The Agatha Christie Miss Marple Movie Colletion presents the four Marple films from the early sixties starring Margaret Rutherford. Fans of Agatha Christies' frail, elderly, but infinitely sharp-witted sleuth were bound to have divided opinions about the casting of Margeret Rutherford, who took the role and made it her own: in other words, something wholly different than Agatha Christie's Miss Marple. When Christie saw the first film, Murder, She Said, she is quoted as saying "Oh, this will never do!" One can sympathize with Christie because the four Margaret Rutherford Miss Marples bear almost no resemblance to the charming books. But that doesn't stop the films from being highly enjoyable in their own right. Margaret Rutherford is a formidable and fearless presence as she tries to solve these four cases, and though not the model Marple, she really does make the role her own. The first film, Murder, She Said, is the only one based on a Miss Marple novel (The 4:50 from Paddington). Miss Marple sees a murder being committed on a train running on a parallel track, but when the police fail to turn up any sign of a body and see no case to pursue, Miss Marple decides to take the case on herself. She determines that the only place along that particular stretch of railway that a body could've been tossed from the train without being seen is at Ackenthorp Hall. She manages to get a job as a maid at the Hall, and soon discovers the body in sarcophagus, which brings in Instpector Craddock (Charles Tingwell) and his men. But it's Miss Marple along with her sidekick Mr. Stringer (Striger Davis, Rutherford's real-life husband. Ironically, Joan Hixson, who would later become known as the definitive Miss Marple on the long-running BBC series, has a small part as a maid. Murder at the Gallop is based on the Hercule Poirot novel After the Funeral. The not-so-unexpected heart attack of a rich man is written off as death by natural causes until Miss Marple discovers that the diseased had a pathological fear of cats, and someone had hidden a cat in the man's house so that he would come on it unawares. Once again the police have no intention of looking into Miss Marple's theory, so she checks into the Gallop Hotel, a horse riding establishment where all of the dead man's heirs are staying, and launches her investigation. But before long there are more deaths. Murder at the Gallop guest stars Robert Morley as the head of the family, who ends up hoping that Miss Marple will permanently keep her saddle at the Gallop. Murder, Most Foul is also based on a Hercule Poirot novel, Mrs. McGinty's Dead. Miss Marple serves on a jury where she is convinced that the accused is not guilty – of course, the other eleven jurists feel otherwise. When the trial ends in a hung jury and the trial rescheduled, Miss Marple is on the move to solve the case. She traces McGinty's connections to a theatrical company that had just past through town. The struggling company, run by Driffold Cosgood (Ron Moody), is all too happy to take on a wealthy novice who wants to act (namely, Miss Marple). No sooner is Marple on the scene than the cast members start dropping off one by one. To solve the murders, Miss Marple must figure out the identity of an illegitimate child of a former actress. The cast includes Francesca Annis, who would later star in the series Agatha Christie's Tommy and Tuppence: Partners in Crime. The last film in the set, Murder Ahoy, finds Miss Marple appointed to the board of a school for wayward boys that is housed on the frigate The Battledorn, which is moored in the harbor. At their first meeting, one of the other board members takes a sniff of snuff and promptly drops dead. In the confusion that follows the snuff is stolen from the box. The board member had been upset about something he'd discovered on visiting The Battledorn, so Of course, Miss Marple decides to pay the Battledorn a visit herself, and once there finds that everyone on board appears to have a secret...and some of those secrets will lead to murder. The four Rutherford Marple movies may not come close to representing Agatha Christie's creation, but they are delightful, entertaining films in their own right, best enjoyed if you don't actually think of them as true Miss Marple adaptations. Warner Bros.' new set offers four splendid transfers, stuck from source material that in remarkable crisp and clean condition. The audio is also in excellent condition, with no sign of deterioration and crystal clear tone quality. The disc includes the trailers for all four films. For more information about The Miss Marple Collection, visit Warner Video. by Fred Hunter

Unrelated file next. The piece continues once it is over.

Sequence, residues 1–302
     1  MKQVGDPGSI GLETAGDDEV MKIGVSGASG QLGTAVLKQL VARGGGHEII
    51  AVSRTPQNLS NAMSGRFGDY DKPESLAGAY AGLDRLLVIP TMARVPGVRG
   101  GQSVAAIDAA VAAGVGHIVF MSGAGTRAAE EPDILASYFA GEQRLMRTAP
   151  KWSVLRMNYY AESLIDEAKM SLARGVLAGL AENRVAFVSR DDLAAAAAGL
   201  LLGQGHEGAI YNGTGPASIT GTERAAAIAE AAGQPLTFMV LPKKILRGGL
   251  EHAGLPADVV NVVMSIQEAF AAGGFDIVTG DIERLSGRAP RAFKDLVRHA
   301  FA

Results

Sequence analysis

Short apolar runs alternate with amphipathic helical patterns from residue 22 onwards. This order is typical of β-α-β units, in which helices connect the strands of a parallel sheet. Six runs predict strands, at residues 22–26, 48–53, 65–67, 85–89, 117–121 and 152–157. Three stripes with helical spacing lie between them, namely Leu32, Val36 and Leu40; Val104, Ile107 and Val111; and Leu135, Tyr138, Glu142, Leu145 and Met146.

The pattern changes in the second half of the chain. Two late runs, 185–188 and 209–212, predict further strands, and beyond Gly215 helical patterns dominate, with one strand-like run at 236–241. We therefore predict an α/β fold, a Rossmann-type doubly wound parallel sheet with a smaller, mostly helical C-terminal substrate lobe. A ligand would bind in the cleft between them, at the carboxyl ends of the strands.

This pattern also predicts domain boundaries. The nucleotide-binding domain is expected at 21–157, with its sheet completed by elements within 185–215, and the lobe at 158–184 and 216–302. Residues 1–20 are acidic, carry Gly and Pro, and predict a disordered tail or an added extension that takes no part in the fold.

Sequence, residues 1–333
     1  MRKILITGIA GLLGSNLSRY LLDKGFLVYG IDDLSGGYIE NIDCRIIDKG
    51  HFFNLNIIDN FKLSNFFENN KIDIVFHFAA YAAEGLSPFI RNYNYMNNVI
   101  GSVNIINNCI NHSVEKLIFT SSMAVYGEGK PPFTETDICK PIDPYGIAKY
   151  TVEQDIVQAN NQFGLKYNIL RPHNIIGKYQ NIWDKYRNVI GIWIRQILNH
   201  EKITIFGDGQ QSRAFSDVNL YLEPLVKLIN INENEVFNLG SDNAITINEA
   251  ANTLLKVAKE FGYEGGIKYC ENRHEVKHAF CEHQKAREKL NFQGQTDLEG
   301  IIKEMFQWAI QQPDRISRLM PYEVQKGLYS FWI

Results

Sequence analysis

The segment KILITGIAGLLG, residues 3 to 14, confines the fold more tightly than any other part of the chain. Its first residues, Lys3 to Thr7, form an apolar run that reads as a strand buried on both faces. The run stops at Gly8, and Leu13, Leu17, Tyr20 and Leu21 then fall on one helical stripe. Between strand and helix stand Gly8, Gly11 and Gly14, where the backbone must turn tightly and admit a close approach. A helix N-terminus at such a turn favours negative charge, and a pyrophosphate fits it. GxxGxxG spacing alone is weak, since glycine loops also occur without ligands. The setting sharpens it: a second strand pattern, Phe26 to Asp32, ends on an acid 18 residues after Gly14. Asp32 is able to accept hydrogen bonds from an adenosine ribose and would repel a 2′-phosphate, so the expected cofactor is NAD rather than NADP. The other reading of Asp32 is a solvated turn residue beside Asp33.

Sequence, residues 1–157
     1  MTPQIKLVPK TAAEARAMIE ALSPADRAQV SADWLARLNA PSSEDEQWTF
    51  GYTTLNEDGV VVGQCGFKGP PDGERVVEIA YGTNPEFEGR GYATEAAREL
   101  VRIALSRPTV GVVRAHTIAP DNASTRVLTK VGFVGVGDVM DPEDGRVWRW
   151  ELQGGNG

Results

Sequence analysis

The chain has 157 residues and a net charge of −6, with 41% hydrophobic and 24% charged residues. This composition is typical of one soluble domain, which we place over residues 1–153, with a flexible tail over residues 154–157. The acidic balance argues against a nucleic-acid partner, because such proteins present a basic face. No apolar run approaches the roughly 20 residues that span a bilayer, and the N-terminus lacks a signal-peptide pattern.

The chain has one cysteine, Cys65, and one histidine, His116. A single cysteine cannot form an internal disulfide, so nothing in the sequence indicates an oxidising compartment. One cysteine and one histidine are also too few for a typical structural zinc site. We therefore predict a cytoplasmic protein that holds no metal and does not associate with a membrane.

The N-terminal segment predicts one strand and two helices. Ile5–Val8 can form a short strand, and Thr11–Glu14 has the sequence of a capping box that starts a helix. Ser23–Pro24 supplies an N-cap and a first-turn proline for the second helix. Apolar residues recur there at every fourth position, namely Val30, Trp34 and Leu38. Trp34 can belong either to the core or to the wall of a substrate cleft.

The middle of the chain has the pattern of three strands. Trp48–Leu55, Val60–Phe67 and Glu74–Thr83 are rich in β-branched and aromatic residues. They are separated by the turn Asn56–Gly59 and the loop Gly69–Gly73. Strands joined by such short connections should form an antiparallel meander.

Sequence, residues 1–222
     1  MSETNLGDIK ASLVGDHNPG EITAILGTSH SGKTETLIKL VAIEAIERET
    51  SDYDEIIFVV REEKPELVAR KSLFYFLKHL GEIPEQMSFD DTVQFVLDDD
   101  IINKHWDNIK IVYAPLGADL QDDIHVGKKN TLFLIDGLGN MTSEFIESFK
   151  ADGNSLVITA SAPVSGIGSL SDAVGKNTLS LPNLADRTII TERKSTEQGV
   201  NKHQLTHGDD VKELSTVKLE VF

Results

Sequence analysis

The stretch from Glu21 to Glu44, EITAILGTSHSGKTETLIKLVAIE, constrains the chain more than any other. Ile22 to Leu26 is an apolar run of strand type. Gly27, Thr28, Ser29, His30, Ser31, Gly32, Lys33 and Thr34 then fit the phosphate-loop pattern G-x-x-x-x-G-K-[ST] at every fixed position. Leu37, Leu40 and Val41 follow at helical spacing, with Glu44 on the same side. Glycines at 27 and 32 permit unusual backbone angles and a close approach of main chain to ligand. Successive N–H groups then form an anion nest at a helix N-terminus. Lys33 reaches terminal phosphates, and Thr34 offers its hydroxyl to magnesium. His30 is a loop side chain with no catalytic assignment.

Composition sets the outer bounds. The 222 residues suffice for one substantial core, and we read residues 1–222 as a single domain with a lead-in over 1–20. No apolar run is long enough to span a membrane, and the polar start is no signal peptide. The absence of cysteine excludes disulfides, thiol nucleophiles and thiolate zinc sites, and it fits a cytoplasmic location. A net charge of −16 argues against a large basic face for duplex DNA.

Quotes

Trivia

Like Murder at the Gallop (1963), this movie was adapted from a Poirot novel, not a Miss Marple Novel.

The last shot indicates that there was going to be another Miss Marple film, "Murder without End." However, it wasn't made and this became the last of the series. Margaret Rutherford did reprise her role for a cameo in Alphabet Murders, The (1965).